Aruna Shanbaug: Brain-damaged India nurse dies 42 years after rape


An Indian nurse who spent 42 years in a persistent vegetative state after being raped and strangled has died. Aruna Shanbaug was left with severe brain damage and paralysed after the 1973 attack by a ward attendant in the Mumbai hospital where she worked.

She was fed through the nose to keep her alive but developed pneumonia six days ago, the hospital said. Her case sparked a debate about India’s euthanasia laws. The Supreme Court had rejected a plea to allow her to die.

“Ms Shanbaug died at 08:30am on Monday. She was admitted to the intensive care unit and put on ventilator support,” a spokesman at Mumbai’s KEM hospital said.

Ms Shanbaug was 25 years old when she was sodomised by a KEM hospital cleaner who strangled her with metal chains and left her to die on 27 November 1973.

She survived, but spent the rest of her life in hospital, force fed twice a day. “My broken, battered baby bird finally flew away. And she gave India a passive euthanasia law before doing so,” journalist and author Pinki Virani, who wrote Aruna’s Story, a book on the nurse’s plight said

There is an outpouring of sympathy for Aruna Shanbaug on Twitter. Many feel that she “should have been allowed to go much earlier”. Most Twitter users also agree that the absence of the “right to die” in India’s legal system compounded her misery.

One Twitter user says Shanbaug’s case “represents everything that is wrong with India’s society”.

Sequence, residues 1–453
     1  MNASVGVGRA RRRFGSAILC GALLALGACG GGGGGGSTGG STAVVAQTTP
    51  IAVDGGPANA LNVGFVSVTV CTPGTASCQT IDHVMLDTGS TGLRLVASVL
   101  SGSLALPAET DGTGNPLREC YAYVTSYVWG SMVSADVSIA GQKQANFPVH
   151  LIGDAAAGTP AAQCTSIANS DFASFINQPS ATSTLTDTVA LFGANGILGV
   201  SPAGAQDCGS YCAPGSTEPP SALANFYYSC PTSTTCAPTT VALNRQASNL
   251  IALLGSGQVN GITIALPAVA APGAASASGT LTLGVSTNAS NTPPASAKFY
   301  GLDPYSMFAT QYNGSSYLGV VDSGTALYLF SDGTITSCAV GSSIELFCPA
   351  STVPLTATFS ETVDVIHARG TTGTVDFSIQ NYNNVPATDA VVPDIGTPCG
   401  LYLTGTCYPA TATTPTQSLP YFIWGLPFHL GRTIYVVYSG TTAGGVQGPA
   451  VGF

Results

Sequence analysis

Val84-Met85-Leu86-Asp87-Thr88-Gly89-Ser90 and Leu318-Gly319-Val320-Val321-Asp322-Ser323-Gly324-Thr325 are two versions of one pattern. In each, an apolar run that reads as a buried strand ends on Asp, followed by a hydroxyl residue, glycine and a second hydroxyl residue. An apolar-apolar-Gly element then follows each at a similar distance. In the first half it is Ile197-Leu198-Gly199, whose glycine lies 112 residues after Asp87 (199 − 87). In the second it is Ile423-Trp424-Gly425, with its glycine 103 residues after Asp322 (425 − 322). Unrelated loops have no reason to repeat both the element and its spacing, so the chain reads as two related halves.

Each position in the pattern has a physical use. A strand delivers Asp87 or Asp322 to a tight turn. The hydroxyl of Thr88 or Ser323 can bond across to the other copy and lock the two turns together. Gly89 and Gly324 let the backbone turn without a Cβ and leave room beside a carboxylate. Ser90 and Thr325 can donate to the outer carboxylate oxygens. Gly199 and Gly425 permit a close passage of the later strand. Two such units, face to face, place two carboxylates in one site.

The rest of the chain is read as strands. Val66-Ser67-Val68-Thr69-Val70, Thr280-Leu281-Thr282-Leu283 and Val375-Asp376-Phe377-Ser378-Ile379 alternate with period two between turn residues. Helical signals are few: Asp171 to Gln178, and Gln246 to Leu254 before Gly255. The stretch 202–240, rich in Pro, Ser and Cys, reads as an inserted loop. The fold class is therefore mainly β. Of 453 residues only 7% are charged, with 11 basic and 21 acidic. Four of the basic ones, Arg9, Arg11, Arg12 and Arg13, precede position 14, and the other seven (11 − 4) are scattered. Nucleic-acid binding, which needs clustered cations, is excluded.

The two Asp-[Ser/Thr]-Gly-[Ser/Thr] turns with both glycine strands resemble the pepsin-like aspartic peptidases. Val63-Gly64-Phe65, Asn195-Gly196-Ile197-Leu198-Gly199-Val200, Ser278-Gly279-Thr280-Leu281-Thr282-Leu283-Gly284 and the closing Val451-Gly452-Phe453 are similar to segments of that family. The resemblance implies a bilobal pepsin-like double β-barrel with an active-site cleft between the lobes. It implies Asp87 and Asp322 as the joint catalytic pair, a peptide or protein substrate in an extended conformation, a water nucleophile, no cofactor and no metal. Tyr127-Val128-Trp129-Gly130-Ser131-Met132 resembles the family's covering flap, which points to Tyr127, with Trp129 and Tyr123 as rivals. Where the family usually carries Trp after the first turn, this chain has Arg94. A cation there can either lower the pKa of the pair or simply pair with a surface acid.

Others highlight that she was brutally raped and then had to live in a vegetative state for 42 years because several campaigns in support of euthanasia “just fell on deaf years”.

Some say that her ordeal “will always shame India”, while others are hopeful that her story will once again reignite the debate on euthanasia.


Ms Virani filed the case which was rejected by the Supreme Court in 2011. She had argued that Ms Shanbaug was “virtually a dead person” and should be allowed to die.

Ms Shanbaug’s parents died many years ago and other relatives had not maintained contact with her, Ms Virani said.

She wanted the court to issue instructions to the hospital to stop feeding Ms Shanbaug.

But hospital authorities told the court that Ms Shanbaug “accepts food… and responds by facial expressions” and responds to “commands intermittently by making sounds”.

Doctors say patients in a vegetative state are awake, not in a coma, but have no awareness because of severe brain damage.

Lawyer Shekhar Nafade, who represented Ms Virani in the Supreme Court said that he felt “relieved for Aruna”.

Ms Shanbaug’s attacker, Sohanlal Bharta Walmiki, was not even charged for raping her since sodomy was not considered rape under Indian laws at the time.

He was freed after serving a seven-year-sentence for robbery and attempted murder.